From Epic PR:
Epic Games today released its free-to-play MOBA, Paragon, in free Open Beta for PC and PlayStation 4. Developed by the creators of Gears of War and Unreal Tournament, Paragon is a competitive 5v5 MOBA that combines the ferocity of third-person action with the deep strategic choice of a MOBA.
To celebrate the launch, Epic Games will also be hosting a livestream on Twitch and YouTube starting today at 10:00AM Eastern. Tune as the team discusses game and Hero design, broadcasts live gameplay, and gives a sneak peek at what’s in store for future of Paragon.
In Paragon, every match is an epic clash of Heroes, each with their own unique design and play style that can turn the tide of battle. With a new Hero every three weeks, Paragon offers endless opportunity for new players and MOBA veterans alike.
Paragon is designed so that every player can compete and win without ever spending money. All Heroes are always free-to-play. Cards can only be earned by playing the game. Those who would dare reach the highest levels of skill can tackle Master Challenges. As you increase your Hero level, you’ll unlock new card packs, unique taunts, and valuable rewards.
To learn more about Paragon and how to download the game for PC and PlayStation 4, head over to Paragon.com.
As for me, I’ve tried Paragon more than a few times. I’m not IN yet, but I find myself popping on now and again to see how it’s coming along. I’m not sure the game in its current state is streamlined enough for my taste, but I do see nuggets of promise. To find out more, Epic recently had a Q&A session about the future of the game and I got a couple of answers from Steve Superville, Paragon’s Creative Director.
BG: Steve, many of Paragon’s systems feel inaccessible and cryptic to players who aren’t already familiar with MOBAs — the card system of equipment, especially. How will the team address this unfamiliarity and learning curve in order to attract players who aren’t already MOBA fans? Are there any plans to streamline it?
SS: We’re definitely aware of the learning curve for new MOBA players, which is something you see across the board for most games in the genre. It’s important for us to make the experience accessible, but maintain depth that’ll keep players engaged in the long run.
Our first steps to doing this included creating tutorial videos for our Early Access community, and we’ve already added in-game tooltips to help players understand the basics, including how the card system works. There’s definitely still work to be done, and we’re iterating on that experience constantly by watching and listening to players to understand what works best.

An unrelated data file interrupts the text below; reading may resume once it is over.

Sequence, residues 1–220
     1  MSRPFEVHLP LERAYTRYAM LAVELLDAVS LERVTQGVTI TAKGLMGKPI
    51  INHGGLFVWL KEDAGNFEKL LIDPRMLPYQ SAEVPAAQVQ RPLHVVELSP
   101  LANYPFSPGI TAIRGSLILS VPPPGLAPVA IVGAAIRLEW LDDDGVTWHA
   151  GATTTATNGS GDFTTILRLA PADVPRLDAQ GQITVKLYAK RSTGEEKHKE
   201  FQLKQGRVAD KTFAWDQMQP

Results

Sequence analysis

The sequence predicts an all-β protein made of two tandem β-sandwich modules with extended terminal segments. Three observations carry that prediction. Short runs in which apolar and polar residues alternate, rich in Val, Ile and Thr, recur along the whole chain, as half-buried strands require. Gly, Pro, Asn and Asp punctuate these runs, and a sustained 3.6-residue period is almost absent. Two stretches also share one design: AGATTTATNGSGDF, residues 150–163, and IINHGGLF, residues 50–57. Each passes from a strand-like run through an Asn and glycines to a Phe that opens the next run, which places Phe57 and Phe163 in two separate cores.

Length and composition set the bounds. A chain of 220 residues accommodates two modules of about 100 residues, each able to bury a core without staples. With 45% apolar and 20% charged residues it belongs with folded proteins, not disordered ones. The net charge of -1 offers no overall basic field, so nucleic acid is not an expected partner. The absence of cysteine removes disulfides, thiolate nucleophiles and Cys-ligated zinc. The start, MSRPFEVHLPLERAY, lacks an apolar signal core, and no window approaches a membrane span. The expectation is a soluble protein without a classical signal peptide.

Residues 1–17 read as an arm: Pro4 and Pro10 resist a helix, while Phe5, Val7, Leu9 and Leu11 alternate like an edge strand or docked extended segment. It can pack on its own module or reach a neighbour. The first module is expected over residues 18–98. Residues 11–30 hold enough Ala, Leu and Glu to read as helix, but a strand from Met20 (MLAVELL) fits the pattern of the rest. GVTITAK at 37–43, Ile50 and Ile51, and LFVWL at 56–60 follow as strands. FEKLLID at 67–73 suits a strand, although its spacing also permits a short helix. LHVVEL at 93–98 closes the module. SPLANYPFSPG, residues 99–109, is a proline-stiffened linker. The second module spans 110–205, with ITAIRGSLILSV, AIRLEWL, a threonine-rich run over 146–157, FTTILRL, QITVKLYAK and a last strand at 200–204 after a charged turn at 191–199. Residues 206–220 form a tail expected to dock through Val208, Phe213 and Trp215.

BG: A typical match tends to take an extremely long time – in the matches I played, times of 45 minutes to over an hour were common. I generally felt that this took too long for what I would feel comfortable with on console, and I often quit before the end. Are there any plans to speed up matches?
SS: It’s always been our goal to get matches closer to 30-40 minutes, and we’re still working towards that. Because we’re still in development, any change we make to balance or other aspects of gameplay can impact match length, and that was to be expected. There’s also a matter of expectations and education; MOBA matches tend to run a little longer than competitive games like shooters, the action and narrative unfolds is a much different way, and that’s important for us to maintain.
Many thanks to Steve Superville for his answers, and if Paragon looks like something you’d be interested in checking out, there’s no better time than today. Download it for free on PS4 and PC, or check out the trailers and streams for more info.
Brad still loves Transformers, he's on Marvel Puzzle Quest when nobody's looking, and his favorite game of all time is a toss-up between the first Mass Effect and The Witcher 3. You can catch his written work here at GameCritics and you can hear him weekly on the @SoVideogames Podcast. Follow Brad on Twitter and Instagram at @BradGallaway, or contact him via email:
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